Up until now, on Thanksgivings when I cook, I’ve been satisfied with small fresh turkeys that didn’t seem to be injected with anything weird. I was never one to sign up for the expensive “organic” birds through the local food co-op. In my view, the breast meat is bland and boring no matter what you do to it, and the supermarket turkeys are fine as a vehicle for dark meat, crisp skin, and dressing.
But this year, I could no longer ignore the fact that Western New York has a bunch of local farms where you can buy fresh, heritage turkeys with interesting names like Bourbon Red, Standard Bronze, Black Spanish, and Royal Palm.
I finally broke down. This year, I will be serving the meat that Marian Burros says has “turkey flavor that is merely hinted at in the supermarket turkeys.” After ordering up the two birds (I’m galantining one of them), I went online to see if there would be special cooking instructions for them. There wasn’t much info out there specific to heritage birds. What I did find was a bizarre and maddening mix of contradictory advice. I am finally beginning to understand why Calvin Trillin thinks our national Thanskgiving dish should be changed to spaghetti Carbonara.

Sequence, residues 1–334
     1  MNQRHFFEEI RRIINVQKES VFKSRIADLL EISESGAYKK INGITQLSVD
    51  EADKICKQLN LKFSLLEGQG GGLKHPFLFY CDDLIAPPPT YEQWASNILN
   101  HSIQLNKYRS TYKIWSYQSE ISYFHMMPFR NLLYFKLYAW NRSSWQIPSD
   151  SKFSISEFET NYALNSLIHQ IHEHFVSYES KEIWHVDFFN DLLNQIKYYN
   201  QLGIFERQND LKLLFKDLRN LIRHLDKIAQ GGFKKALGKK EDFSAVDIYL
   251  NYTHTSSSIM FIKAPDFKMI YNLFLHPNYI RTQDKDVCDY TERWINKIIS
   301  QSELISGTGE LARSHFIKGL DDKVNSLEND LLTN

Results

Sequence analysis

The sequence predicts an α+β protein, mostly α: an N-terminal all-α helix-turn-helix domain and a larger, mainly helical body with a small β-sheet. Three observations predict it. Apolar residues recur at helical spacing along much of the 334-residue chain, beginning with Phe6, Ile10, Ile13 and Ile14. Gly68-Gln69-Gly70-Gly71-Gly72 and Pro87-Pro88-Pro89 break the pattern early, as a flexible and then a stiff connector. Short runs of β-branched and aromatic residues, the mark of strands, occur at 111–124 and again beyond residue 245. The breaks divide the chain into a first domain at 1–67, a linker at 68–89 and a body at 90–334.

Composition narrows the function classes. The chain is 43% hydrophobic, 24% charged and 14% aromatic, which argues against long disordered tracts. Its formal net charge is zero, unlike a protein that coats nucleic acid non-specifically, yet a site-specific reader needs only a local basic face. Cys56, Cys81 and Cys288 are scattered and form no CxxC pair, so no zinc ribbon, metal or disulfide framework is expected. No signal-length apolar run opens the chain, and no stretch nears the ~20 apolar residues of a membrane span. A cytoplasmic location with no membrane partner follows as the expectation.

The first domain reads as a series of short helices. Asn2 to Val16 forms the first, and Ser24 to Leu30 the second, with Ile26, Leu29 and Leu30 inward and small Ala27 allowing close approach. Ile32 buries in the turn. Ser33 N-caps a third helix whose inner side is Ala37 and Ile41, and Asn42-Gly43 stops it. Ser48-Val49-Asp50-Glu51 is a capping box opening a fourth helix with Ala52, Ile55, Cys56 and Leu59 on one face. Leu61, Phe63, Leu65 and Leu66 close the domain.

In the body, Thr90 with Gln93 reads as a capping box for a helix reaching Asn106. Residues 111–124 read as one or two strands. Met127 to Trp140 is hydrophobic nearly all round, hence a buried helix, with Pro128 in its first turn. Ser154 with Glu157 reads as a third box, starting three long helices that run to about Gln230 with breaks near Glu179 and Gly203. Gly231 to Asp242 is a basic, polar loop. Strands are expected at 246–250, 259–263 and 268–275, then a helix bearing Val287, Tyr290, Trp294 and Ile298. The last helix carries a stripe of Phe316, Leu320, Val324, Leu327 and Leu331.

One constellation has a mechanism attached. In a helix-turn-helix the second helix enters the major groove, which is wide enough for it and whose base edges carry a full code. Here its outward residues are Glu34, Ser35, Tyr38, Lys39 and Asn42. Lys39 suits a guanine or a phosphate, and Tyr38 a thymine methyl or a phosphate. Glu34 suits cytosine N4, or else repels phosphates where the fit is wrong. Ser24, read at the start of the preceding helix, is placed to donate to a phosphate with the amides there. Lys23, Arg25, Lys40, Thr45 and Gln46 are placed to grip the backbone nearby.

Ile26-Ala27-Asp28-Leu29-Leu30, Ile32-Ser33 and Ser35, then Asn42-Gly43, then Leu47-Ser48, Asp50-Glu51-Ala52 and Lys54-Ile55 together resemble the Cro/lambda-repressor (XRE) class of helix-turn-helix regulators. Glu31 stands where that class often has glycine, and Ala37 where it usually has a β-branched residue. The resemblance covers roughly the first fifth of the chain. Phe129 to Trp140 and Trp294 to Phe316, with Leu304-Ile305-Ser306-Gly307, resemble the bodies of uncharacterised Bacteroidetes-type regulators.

When is the turkey done? The official Butterball site is rigid on this. The thigh should be 185˚; the breast 170˚. The USDA recommends 165˚ throughout the animal. But in 2008, Marian Burros wrote that taking the turkey out when the leg/breast intersection reaches 150˚ and letting it sit for half an hour (while the temp inches up) might be the secret to a moist bird. Many professional chefs insist that taking the bird apart and roasting breast and dark meat separately is the only way to make sure the white meat doesn't taste like cottonballs.
To brine or not to brine? If you have a fresh, uninjected turkey, you can moisten and flavor it with brining. I love the step by step Pioneer Woman instructions. Such copiously illustrated precision is only possible on a blog. Brining is huge now, with apple cider brine the flavor of the moment. But wait! Food scientist Harold McGee remains a non-briner; he says it makes the meat and drippings too salty; he instead recommends bathing all the cooked meat in a pan sauce before serving. In a similar revolution against decades of turkey wisdom, some experts strongly advise against basting.
Finally, one of the most controversial issues of all. Where does the stuffing go? A recent New York Times column said it most poignantly: Will I Kill My Family if I Cook the Stuffing Inside the Turkey? (The answer, you'll be relieved to hear, is no. More or less.)
By the time you’ve finished reading all the advice on this topic, killing somebody—or something—is going to sound like a good idea. When those thoughts arrive, step away from the turkey, and pour yourself a big cocktail. Any recipe will do.